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World Tour: Recovery efforts in Libya


WORLD Radio - World Tour: Recovery efforts in Libya

Plus, news from Europe, the Middle East, and South America

Rescuers search for bodies of the flood victims at the Corniche of the city of Derna, Libya, on Sept. 15 Associated Press Photo/Abdulaziz Almnsori, File

NICK EICHER, HOST: Coming up next on The World and Everything in It: WORLD Tour with our reporter in Nigeria, Onize Ohikere.

AUDIO: [Rescue work]

ONIZE OHIKERE, REPORTER: Libya flooding aftermath — Today’s roundup starts in Libya, where rescue workers are still carrying body bags and scouting for survivors, more than a week after a devastating flood.

Two dams in the mountains above the coastal city of Derna burst, sending floodwaters about two stories high rushing into the city.

SOUND: [Woman crying]

This survivor lifted pieces of rubble from her brother’s home as she searched for their family. Ira

AUDIO: [Woman speaking Arabic]

She says here that the family hopes to find at least one body so they can bury and mourn them.

SOUND: [Street, truck]

On Monday, workers dressed in hazmat suits began sanitizing the streets of Derna, hoping to stave off waterborne diseases.

AUDIO: [Protesters chant]

Iran anniversary protests — On Saturday, protesters in the Canadian city of Vancouver chanted, “Only solution, revolution.”

Thousands of protesters gathered in other cities around the world to mark one year since the death of Kurdish-Iranian national Mahsa Amini in police custody.

Iran’s morality police had detained her for violating laws about head coverings.

Her death sparked nationwide protests that grew into calls to overthrow Iran’s leadership.

AUDIO: [Chanting crowds]

In Rome, protesters chanted “end to the regime.” And in London, others chanted “Women, Life, and Freedom.”

Fari Bradley joined the march in central London.

BRADLEY: It's now a solidarity movement. Men, young and old, are treating women with more respect, and women are finding ways to express themselves and then be supported by their male relatives and family and coworkers and even strangers in the street.

Similar protests crowded the streets in Washington D.C., France, and Germany.

AUDIO: [Meeting]

Brazil-Cuba relations — We head next to Cuba, where Brazilian President Luiz Inácio Lula da Silva sought to rekindle relations with his Cuban counterpart.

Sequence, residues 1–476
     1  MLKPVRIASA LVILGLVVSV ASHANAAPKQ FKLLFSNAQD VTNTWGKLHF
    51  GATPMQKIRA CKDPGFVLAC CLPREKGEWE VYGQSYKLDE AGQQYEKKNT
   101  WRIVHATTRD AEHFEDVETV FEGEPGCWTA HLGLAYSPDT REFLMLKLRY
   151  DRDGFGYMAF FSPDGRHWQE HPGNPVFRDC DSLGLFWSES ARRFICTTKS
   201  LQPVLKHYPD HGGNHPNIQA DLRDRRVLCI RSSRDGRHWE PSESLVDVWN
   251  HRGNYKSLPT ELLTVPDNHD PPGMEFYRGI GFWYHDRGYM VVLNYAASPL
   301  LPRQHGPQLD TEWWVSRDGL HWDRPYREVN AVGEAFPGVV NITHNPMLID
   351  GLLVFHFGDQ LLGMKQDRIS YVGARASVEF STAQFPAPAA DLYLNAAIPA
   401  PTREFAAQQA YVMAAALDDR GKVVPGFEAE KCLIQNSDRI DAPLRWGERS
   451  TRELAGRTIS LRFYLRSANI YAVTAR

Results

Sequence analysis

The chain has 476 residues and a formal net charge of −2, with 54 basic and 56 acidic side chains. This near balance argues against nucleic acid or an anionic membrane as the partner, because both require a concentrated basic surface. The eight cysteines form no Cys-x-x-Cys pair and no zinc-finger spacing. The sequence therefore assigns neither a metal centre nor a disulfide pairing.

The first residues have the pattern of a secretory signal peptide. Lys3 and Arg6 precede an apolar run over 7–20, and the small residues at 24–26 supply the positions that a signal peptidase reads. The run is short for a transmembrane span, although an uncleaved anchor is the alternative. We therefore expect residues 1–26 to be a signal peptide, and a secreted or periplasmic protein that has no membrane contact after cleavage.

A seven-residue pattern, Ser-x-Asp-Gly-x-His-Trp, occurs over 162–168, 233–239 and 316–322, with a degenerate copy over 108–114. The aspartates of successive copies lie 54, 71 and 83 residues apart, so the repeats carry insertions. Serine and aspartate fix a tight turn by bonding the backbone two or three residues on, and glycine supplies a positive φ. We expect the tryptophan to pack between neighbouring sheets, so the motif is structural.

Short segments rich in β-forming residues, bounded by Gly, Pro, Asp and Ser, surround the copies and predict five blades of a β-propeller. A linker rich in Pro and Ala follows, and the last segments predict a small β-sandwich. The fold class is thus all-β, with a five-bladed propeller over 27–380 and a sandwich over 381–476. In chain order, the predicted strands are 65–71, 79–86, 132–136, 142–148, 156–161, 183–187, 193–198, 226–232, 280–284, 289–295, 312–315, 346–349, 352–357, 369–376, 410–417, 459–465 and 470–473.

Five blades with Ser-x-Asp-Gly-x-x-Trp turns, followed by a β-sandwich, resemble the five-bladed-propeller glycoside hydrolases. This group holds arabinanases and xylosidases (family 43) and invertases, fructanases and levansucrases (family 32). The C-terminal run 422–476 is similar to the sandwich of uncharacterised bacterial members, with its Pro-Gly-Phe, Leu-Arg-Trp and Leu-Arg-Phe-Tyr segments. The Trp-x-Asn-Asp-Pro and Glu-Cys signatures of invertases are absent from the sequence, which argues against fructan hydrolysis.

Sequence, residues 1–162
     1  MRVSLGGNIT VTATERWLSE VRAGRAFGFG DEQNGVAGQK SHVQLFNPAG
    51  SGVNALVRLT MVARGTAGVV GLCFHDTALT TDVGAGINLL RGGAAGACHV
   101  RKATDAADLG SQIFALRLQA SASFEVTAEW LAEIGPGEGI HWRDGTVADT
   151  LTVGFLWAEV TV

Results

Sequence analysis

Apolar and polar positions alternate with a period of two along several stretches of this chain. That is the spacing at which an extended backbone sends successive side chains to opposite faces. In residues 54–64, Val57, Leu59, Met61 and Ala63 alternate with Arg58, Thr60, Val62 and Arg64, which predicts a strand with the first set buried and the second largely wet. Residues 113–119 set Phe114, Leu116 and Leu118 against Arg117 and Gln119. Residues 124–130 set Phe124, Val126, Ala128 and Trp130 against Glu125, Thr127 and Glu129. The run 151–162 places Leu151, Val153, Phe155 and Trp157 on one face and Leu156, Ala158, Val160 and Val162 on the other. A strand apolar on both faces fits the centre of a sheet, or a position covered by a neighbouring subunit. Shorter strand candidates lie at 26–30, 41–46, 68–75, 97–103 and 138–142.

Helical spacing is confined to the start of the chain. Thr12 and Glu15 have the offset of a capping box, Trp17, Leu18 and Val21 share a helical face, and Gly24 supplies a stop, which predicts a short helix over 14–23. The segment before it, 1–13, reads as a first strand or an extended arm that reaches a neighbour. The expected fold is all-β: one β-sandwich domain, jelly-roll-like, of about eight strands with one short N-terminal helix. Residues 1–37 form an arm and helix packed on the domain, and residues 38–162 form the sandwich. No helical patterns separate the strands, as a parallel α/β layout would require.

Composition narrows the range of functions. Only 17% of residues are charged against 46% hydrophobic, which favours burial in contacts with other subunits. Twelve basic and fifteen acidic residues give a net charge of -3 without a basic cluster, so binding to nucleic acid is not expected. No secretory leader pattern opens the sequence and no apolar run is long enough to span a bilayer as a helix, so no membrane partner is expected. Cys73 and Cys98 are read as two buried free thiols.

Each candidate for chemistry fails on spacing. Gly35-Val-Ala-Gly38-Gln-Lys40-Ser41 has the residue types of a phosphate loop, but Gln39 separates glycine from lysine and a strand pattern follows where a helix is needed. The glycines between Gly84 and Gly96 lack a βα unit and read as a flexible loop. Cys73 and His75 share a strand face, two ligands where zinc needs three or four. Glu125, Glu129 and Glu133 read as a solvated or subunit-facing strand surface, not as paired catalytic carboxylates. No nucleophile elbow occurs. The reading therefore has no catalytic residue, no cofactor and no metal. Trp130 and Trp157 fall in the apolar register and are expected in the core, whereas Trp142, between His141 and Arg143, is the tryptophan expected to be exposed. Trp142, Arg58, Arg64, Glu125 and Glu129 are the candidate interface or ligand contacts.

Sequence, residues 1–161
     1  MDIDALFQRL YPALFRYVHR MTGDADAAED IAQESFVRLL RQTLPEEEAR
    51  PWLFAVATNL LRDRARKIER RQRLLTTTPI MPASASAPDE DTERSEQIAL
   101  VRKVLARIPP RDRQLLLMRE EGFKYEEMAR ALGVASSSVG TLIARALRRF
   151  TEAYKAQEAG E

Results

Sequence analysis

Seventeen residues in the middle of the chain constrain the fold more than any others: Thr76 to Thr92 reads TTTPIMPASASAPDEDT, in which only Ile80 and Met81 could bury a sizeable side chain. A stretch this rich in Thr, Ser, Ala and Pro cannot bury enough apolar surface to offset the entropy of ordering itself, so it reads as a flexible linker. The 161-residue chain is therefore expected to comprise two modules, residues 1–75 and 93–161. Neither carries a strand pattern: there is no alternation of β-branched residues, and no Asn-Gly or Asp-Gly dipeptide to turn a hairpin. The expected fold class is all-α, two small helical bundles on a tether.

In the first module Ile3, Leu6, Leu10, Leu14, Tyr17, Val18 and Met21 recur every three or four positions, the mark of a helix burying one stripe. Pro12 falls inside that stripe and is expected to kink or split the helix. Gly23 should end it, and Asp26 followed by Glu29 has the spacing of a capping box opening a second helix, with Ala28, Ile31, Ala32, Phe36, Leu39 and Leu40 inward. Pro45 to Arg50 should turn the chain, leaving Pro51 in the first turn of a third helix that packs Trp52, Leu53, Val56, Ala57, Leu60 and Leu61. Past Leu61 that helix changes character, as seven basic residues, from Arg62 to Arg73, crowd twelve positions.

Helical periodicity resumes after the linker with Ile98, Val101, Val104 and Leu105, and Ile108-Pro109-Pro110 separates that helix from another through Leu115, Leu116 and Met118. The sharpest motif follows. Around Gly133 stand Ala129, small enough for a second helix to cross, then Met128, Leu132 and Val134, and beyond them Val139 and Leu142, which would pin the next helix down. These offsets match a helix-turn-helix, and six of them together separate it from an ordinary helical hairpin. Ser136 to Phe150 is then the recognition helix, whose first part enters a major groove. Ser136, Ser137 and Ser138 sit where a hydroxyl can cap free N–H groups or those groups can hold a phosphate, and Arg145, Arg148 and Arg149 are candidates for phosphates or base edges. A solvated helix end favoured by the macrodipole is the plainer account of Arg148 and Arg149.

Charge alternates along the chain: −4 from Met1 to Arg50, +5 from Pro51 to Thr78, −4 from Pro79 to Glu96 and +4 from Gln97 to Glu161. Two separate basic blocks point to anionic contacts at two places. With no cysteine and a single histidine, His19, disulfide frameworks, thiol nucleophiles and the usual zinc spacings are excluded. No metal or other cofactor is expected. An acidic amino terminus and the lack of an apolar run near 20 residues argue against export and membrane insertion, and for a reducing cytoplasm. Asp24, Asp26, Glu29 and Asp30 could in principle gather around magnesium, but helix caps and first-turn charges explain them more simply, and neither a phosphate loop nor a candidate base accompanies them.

Lula stopped in Havana over the weekend to attend the summit of the Group of 77 emerging economies—plus China.

The countries account for 80 percent of the world’s population.

Lula criticized the U.S.-led embargo on Cuba and Cuba’s presence on the U.S. list of countries sponsoring terrorism.

LULA: [Speaking Portuguese]

Lula says Cuba has stood for a more just global governance.

Lula’s visit is the first of any Brazilian president to Cuba in nearly a decade. The two-day summit came days ahead of the United Nations General Assembly, which started Monday in New York.

SOUND: [Protest]

Germany Eritrea protests — In southwest Germany, dozens of people sustained injuries after violence broke out at an Eritrean cultural festival.

Shortly before the event started in the city of Stuttgart, protesters supporting Eritrea’s opposition began throwing stones and bottles at police and participants.

Authorities arrested more than 200 people. Several groups considered to be supporters of Eritrean President Isaias Afwerki organized the Saturday event.

Tens of thousands of people have fled Eritrea for Europe, over alleged mistreatment under Afwerki’s government.

BRENNER: [Speaking German]

Stuttgart police spokesperson Timo Brenner saying authorities levied bans and restraining orders against the suspects.

Back in July, more than 25 police officers were injured after a similar Eritrean festival in the central German city of Giessen.

AUDIO: [Chanting protesters]

And earlier this month, clashes between Eritrean opposition and government supporters in Tel Aviv sparked one of Israel’s most violent street confrontations.

Israeli Prime Minister Benjamin Netanyahu called for the immediate deportation of those involved.

SOUND: [Parade music]

Germany Oktoberfest — We close today at the world’s largest folk festival in another German city.

Hundreds of people wore Bavarian costumes as they marched down the streets of Munich on Sunday.

Keeping with Oktoberfest folk festival tradition, the men wore leather trousers with checkered shirts, wooly socks, and a hat with a feather. The women donned corseted dresses with a lace-up front and aprons.

Germans trace the annual Oktoberfest traditions back to a horse race in 1810 that celebrated the wedding of Bavarian Crown Prince Ludwig and Princess Therese of Saxony-Hildburghausen.

Cecilia—originally from China—joined other parade onlookers who lined the streets.

CECILIA: [Speaking German]

She says she was excited to participate in everything, since the culture is different from her home country.

More than 700 guests also joined a four-mile-long procession of 40 floats. They included guests from Austria, Italy, and Serbia.

Oktoberfest celebrations will continue until October 3.

That’s it for today’s WORLD Tour. Reporting for WORLD, I’m Onize Ohikere in Abuja, Nigeria.

WORLD Radio transcripts are created on a rush deadline. This text may not be in its final form and may be updated or revised in the future. Accuracy and availability may vary. The authoritative record of WORLD Radio programming is the audio record.


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